Yale Peabody Museum Receives $160 Million From Alumnus

Yale Peabody Museum Receives $160 Million From Alumnus

Yale University has announced a $160 million lead gift from alumnus Edward P. Bass ('67) in support of the Peabody Museum of Natural History.

The largest known gift ever made to a natural history museum in the United States will help fund renovations and an expansion of the museum, which has operated in its current location since 1925. Founded in 1866, the museum is among the oldest and largest university-based natural history museums in the country and has enjoyed worldwide recognition for its dinosaur fossils, mammal displays, minerals, and anthropology collections. The planned renovation will capture more space by building into an interior courtyard and loading dock and opening part of the lower level to public use, creating new areas for research and study while increasing the museum's exhibition footprint by 50 percent. To better facilitate public outreach programs, the renovated museum will include a large central gallery, a lower-level lobby that can accommodate large groups, and classrooms for schoolchildren.

Among the university's most generous donors, Bass previously endowed the directorship of the Peabody, has provided other funding for the museum, and supported the strategic development of the university's campus, with a focus on Science Hill. He serves on the Architecture Dean's Council and the Peabody Leadership Council, is a former co-chair of the Yale Development Council, and is a former senior fellow of the Yale board of trustees.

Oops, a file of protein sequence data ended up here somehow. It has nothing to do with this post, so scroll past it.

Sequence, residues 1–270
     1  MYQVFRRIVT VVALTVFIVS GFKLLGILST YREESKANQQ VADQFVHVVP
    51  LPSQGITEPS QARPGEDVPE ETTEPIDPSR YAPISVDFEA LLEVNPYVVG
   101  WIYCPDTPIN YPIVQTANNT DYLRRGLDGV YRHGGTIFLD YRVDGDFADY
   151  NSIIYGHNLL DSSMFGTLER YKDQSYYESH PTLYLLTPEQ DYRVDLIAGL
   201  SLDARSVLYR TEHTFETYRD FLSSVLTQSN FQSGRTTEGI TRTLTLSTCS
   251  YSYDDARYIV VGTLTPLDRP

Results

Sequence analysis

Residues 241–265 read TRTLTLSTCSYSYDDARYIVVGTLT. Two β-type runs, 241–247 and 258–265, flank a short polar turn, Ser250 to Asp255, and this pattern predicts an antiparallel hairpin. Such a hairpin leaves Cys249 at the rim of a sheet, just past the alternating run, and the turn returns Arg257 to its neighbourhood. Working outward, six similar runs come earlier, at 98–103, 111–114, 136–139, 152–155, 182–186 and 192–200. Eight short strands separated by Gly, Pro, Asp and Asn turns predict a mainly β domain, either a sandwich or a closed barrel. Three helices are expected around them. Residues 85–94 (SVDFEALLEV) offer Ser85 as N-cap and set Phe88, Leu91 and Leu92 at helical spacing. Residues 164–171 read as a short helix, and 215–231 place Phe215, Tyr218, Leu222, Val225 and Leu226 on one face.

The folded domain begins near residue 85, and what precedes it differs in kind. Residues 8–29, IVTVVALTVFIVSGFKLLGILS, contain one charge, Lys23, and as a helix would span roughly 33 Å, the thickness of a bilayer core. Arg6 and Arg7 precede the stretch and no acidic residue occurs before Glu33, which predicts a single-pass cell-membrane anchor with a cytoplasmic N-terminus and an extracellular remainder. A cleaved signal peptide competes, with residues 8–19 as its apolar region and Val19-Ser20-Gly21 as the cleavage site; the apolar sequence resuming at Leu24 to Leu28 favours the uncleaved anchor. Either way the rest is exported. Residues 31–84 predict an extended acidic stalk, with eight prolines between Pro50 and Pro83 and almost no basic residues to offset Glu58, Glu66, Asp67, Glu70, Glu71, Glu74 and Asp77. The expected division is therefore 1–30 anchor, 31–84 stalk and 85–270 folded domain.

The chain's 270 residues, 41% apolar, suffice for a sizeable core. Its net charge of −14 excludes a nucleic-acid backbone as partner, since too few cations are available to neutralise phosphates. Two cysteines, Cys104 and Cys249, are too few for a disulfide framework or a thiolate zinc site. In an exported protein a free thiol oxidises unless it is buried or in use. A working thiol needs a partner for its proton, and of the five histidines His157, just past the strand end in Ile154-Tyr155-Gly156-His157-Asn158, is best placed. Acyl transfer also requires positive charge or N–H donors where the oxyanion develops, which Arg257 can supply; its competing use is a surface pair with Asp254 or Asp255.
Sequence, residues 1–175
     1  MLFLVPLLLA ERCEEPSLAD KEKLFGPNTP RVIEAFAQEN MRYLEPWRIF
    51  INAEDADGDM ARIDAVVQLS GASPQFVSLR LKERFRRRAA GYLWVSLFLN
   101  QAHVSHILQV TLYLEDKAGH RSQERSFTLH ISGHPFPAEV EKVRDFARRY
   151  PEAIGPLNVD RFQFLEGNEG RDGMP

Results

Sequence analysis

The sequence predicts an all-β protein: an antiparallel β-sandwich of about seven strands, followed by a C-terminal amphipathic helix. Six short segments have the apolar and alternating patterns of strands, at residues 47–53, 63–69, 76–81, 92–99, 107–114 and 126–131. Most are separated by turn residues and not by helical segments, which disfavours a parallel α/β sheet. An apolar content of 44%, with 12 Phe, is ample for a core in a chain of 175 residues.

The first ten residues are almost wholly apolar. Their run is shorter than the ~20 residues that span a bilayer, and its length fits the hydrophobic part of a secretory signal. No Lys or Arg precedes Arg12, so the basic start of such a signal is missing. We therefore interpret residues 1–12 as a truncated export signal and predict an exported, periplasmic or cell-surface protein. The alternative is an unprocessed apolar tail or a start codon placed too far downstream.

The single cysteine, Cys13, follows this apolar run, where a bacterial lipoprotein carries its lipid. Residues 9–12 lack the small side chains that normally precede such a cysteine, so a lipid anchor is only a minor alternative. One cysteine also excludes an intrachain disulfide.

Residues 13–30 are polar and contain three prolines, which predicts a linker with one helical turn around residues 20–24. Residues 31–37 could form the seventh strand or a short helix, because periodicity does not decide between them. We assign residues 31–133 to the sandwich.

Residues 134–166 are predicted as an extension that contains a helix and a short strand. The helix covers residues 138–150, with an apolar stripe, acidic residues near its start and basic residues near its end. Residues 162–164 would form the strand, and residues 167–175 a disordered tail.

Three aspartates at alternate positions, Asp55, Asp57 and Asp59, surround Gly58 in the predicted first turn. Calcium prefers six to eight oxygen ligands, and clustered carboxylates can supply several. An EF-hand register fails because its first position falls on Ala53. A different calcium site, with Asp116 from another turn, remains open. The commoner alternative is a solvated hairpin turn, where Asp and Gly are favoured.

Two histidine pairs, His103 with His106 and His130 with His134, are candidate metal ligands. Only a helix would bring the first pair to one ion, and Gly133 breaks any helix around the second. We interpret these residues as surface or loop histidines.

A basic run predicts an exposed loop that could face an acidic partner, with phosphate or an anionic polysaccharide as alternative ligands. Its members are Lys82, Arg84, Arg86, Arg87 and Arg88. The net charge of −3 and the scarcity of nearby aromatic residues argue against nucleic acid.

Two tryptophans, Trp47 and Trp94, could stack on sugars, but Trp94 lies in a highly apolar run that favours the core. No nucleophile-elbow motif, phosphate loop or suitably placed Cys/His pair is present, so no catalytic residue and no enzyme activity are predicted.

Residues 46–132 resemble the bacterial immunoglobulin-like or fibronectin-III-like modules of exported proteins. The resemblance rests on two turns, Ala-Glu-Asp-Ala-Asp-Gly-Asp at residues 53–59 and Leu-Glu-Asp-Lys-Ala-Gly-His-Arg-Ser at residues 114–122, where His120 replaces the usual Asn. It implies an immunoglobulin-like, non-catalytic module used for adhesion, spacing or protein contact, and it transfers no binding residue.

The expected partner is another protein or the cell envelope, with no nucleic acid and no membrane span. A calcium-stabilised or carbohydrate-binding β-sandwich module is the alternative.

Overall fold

"I am deeply grateful to Ed Bass for a gift that will transform the Peabody," said Yale University president Peter Salovey. "Imagine an expanded natural history museum where the exhibits reflect the most current science; where faculty members and students can more efficiently use the collections; and where our investigators have spectacular research facilities. This is a magnificent gift."

"Yale's reputation for leadership in the sciences is grounded historically in the Peabody Museum, founded a hundred and fifty-two years ago," said Bass. "This renovation and expansion will enhance every aspect of the Peabody, bringing it up to date and preparing it for the future. We will have 50 percent more gallery space, cutting-edge exhibits, and the ability to put the extraordinarily rich collection not only on view for the public, but also in the hands of researchers and students alike."

(Image credit: Yale University)